Although we've seen George Jetson watch TV on a flat screen, it's not very likely that the rest of us will be doing so fifty years from now. Consumers are already watching more and more TV on their mobile devices or the Internet, and pushing their old TV sets out the door. How will we manage the ongoing environmental impact that the accumulation of toxic electronic waste, or e-waste brings? Moreover, how are electronics manufacturers implementing environmental sustainability efforts?
Americans produce an estimated three million tons of e-waste each year. The UN Environment Programme (UNEP) predicts that if all sources of electronic waste are tallied, it could total 50 million tons a year worldwide, adversely affecting human health and the environment. China, regarded as the world's electronic graveyard, was the subject of the Basel Action Network's 2002 film "Exporting Harm: The High-Tech Trashing of Asia." The documentary detailed numerous people of all ages from one town in the Guangdong Province who engaged in unsafe practices such as melting circuit boards to extract lead, and burning computer wire to expose copper.
The EPA's ENERGY STAR program has generated impressive energy efficiency results since it was established in 1992. ENERGY STAR-certified products, which have helped to reduce greenhouse gas, include: appliances; building products; computers; electronics; heating and cooling; and water heaters.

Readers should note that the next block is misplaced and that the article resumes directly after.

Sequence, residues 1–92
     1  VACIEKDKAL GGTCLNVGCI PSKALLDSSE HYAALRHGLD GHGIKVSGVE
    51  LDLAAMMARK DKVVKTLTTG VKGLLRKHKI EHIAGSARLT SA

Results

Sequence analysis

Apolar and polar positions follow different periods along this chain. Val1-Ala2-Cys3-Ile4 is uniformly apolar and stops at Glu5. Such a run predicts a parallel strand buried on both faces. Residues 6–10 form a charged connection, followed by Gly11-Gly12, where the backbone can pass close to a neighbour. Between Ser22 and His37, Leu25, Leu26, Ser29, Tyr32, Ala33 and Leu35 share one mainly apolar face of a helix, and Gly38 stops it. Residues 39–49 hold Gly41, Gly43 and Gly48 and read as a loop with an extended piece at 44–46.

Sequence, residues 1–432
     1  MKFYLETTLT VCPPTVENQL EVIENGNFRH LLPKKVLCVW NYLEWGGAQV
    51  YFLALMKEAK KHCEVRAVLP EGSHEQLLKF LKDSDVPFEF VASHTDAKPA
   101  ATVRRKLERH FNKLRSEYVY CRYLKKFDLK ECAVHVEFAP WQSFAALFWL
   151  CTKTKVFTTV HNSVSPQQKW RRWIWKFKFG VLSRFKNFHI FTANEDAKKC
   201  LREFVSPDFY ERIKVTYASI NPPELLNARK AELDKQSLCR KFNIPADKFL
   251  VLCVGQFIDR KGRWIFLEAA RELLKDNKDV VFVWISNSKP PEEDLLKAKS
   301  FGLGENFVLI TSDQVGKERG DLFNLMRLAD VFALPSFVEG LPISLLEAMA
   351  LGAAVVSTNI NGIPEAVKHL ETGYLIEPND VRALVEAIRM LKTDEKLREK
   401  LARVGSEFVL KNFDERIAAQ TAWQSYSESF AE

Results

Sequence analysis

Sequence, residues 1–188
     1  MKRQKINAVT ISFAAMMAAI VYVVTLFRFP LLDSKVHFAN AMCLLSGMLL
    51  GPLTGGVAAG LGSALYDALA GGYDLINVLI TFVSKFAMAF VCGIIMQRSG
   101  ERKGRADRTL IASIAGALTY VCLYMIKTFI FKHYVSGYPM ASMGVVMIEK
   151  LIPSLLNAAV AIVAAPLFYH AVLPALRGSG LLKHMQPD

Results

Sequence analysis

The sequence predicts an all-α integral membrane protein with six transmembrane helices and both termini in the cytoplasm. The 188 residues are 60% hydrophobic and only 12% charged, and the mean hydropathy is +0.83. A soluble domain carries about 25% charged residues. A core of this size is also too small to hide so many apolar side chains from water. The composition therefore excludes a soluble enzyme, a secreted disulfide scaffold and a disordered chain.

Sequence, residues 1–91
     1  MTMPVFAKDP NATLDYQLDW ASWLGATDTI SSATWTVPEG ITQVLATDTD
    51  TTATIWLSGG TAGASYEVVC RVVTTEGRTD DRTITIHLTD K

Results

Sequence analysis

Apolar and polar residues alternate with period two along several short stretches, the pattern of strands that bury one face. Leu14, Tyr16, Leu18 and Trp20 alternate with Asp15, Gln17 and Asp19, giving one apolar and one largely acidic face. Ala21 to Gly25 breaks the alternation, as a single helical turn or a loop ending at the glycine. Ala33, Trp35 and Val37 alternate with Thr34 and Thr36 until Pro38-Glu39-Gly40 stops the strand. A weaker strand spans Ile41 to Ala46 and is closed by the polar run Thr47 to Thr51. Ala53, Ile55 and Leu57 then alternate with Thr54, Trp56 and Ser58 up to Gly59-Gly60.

Samsung Electronics, Co., Ltd. created the Evolution Kit to fight the growing TV e-waste problem. The company introduced their new device at this year's International Consumer Electronics Show. The Evolution Kit is a small box that plugs into the back of the TV, and is designed to upgrade Samsung's 2012 Smart TV models to 2013 sets with the same features. According to the company, the Evolution Kit: "allows consumers to enjoy the latest features and services every year without having to purchase a brand new TV.”
Another electronics manufacturer leading the way in sustainability is LG Electronics USA. The company is working to significantly reduce the greenhouse gas emissions of their U.S. operations by 2020. In December 2012, LG entered into a memorandum of understanding (MOU) with the EPA (the first such agreement of its kind) to work together with the government agency on various environmental sustainability initiatives.
Websites such as Nextworth and Gazelle offer money to consumers interested in trading in their used electronics, while helping to reduce e-waste. What imprint are you leaving on the environment with your next electronic purchase?